Mold Texture in CNC Machining - Achieving the Desired Surface Finish(hot runner vs cold runner Bard)

  • Time:
  • Click:13
  • source:NEWRGY CNC Machining
Computer numerical control (CNC) machining has revolutionized manufacturing by enabling the creation of highly precise and complex parts. One key aspect of CNC machined parts is the surface finish, also known as texture. The texture of a CNC machined mold can have significant effects on the molded product's appearance, performance, longevity and cost. This article will provide an overview of how mold texture is achieved in CNC machining.
What is Mold Texture?
Mold texture refers to the microscopic irregularities left on the surface of a CNC machined mold after manufacturing. It is quantified by surface roughness parameters such as Ra, Rz and Rq. A perfectly smooth surface is impossible to achieve in practice. There will always be some level of irregularity depending on the machining process and parameters used.
The texture left on a mold surface affects how accurately it transfers details onto the molded product. It also impacts release properties, wear resistance, friction, light reflection and bonding of coatings. Therefore, selecting the right mold texture for the application is essential.
How Mold Texture is Achieved in CNC Machining
The mold texture is primarily determined by the chosen machining process and parameters. Here are the key factors:
- Cutting Tool: The geometry, material, coatings and wear state of the cutting tool influences surface finish. A sharp, precision tool generally produces a smoother surface.
- Feeds and Speeds: Higher feeds and speeds typically result in rougher surfaces, while lower parameters create finer finishes. Slower machining may be required for glossy surfaces.
- Cut Depth: Final finishing passes with shallow cut depths yield finer textures. Roughing operations involve deeper cuts and rougher surfaces.
- Tool Path: Tool paths optimized to avoid sharp changes in direction produce better surface finish. Contour tool paths generally provide superior results over zig-zag paths.
- Coolant: Effective use of cutting fluids is essential for removing chips, reducing heat and obtaining fine finishes.
- Vibrations: Minimizing vibrations in the machine, fixture and workpiece is key to preventing waviness and other defects.
- Post Processing: Subsequent polishing and finishing processes further enhance the mold texture. Media blasting, honing, lapping and more can be utilized.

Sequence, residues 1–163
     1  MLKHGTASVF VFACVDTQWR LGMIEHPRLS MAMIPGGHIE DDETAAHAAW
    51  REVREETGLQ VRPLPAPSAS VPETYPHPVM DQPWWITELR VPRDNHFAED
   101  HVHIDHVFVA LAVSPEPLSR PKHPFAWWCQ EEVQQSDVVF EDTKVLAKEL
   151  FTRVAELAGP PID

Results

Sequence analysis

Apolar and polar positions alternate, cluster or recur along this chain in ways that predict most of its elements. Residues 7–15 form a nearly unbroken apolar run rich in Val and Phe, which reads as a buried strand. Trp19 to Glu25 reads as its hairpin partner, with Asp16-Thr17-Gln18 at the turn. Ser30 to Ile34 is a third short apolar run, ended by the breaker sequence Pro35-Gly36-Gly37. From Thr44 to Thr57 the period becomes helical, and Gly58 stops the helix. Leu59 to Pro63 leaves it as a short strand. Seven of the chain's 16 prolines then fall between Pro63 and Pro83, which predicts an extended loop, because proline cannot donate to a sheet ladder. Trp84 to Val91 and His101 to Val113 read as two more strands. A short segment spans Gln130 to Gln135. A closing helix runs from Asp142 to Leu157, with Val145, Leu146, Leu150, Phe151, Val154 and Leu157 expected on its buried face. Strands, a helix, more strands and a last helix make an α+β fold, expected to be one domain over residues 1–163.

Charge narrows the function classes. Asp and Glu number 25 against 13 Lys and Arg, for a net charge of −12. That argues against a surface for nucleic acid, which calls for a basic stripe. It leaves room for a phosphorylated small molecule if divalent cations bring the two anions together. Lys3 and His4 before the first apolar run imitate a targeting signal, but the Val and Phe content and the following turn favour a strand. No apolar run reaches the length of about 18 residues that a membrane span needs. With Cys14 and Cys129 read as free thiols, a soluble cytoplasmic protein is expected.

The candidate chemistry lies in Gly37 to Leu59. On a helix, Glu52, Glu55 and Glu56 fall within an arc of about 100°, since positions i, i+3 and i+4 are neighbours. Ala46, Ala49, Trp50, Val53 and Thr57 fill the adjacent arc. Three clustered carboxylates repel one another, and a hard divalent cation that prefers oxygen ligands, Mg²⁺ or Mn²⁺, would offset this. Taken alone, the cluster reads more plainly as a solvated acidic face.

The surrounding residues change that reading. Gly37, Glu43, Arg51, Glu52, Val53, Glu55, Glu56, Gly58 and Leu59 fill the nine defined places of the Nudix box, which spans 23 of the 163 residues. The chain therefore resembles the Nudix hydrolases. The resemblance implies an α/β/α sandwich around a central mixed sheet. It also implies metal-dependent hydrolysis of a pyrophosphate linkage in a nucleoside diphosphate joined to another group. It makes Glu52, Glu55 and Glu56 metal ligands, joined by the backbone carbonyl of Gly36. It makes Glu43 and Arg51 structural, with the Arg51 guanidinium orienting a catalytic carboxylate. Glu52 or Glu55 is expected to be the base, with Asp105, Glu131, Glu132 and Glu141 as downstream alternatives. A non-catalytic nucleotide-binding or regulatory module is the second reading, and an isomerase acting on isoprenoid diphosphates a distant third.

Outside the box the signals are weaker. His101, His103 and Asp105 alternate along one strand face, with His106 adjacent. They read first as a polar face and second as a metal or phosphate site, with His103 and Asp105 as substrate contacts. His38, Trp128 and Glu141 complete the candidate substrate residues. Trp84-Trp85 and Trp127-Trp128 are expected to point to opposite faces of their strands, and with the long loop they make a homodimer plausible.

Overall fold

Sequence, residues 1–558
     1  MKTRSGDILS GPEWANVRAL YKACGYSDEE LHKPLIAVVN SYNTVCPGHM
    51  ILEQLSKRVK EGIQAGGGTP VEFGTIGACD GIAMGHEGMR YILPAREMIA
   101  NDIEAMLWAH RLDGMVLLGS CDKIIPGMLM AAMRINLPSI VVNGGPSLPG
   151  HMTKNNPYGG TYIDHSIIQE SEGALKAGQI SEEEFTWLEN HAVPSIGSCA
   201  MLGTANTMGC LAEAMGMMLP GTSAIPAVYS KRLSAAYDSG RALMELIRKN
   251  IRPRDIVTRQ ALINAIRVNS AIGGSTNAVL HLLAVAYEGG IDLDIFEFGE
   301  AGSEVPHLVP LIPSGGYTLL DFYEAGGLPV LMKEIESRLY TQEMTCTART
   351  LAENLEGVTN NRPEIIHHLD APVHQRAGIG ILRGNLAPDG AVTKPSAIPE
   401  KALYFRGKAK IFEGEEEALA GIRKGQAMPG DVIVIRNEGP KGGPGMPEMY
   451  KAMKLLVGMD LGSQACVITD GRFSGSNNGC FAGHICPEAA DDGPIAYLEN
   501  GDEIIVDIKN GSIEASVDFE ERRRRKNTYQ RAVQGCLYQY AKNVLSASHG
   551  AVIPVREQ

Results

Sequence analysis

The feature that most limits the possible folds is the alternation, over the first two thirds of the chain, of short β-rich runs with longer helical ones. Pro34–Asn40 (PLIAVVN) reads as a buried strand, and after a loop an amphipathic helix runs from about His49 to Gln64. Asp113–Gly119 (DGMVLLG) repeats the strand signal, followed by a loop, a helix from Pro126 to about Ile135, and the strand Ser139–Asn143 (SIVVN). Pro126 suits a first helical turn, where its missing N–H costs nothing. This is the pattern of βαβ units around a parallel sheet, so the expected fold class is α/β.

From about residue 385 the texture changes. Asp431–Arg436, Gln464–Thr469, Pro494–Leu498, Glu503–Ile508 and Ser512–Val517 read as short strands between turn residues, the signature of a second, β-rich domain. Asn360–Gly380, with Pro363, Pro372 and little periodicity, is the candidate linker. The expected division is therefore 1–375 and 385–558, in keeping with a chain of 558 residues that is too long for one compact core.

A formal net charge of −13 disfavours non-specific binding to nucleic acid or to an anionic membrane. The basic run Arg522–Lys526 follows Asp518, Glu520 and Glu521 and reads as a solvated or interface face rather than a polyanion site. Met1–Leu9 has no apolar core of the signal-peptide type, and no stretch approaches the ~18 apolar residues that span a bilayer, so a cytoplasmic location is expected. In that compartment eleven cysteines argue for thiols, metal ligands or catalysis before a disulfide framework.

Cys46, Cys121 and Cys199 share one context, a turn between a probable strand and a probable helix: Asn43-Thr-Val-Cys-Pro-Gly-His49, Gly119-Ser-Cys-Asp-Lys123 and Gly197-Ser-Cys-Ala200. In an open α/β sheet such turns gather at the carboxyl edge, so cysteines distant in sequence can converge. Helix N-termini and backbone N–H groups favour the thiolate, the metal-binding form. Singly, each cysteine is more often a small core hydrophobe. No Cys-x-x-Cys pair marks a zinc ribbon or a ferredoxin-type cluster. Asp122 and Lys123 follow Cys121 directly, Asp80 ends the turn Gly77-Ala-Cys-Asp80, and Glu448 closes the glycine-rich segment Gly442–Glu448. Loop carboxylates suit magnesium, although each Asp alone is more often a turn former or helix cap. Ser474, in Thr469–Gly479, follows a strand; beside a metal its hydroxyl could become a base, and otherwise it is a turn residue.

Selecting the Right Mold Texture
Determining the appropriate mold texture is important to ensure optimal product quality and process efficiency. Here are some key considerations:
- Product Appearance: Glossy plastic parts require mirror-like mold finishes. Matte appearances need rougher textures to diffuse light reflections.
- Part Accuracy: Micro details and sharp corners demand very smooth mold surfaces. More tolerance is allowed for basic geometrical shapes.
- Release Properties: Textures with properly angled peaks allow easy ejection of molded parts with minimal draft angles.
- Wear Resistance: Hard coatings deposited on finer mold textures last longer against abrasive melt flow and thermal cycling.
- Friction: Parts that slide against the mold require lower roughness to minimize friction, wear and ejection forces. Static parts can have rougher finishes.
- Contamination Risks: Rough porous textures trap and transfer contaminants onto critical molded surfaces like optics and connectors. Smooth glass-like finishes are preferred.
- Cost: Achieving ultra-fine surface finishes is more time consuming and expensive. A balance between cost and required quality must be achieved.
Achieving Micron-Level Surface Finishes
Today's advanced CNC machining centers in combination with precision tooling and techniques make it possible to achieve micron level mold finishes comparable to polished stone. Here are some tips:
- Use micro-grain carbide endmills and ballnose cutters for finishing operations. Diamond-coated tools also provide superb finishes.
- Reduce axial and radial depth of cuts to 0.01 - 0.02mm during final passes.
- Apply specialized vibration dampening toolholders and shrink fit chucks.
- Machine on platforms with active vibration control.
- Keep feed rates low and use spline toolpaths for finishing.
- Use specialist surface measurement devices to quantify results.
- Protect delicate surface textures post-machining to avoid handling damage.
With the right CNC machining strategy, tooling and quality control, molds with tailored textures for the perfect look and functionality can be manufactured repeatably. The mold texture has a direct impact on product performance and economics, making it a key consideration in design and machining. CNC Milling CNC Machining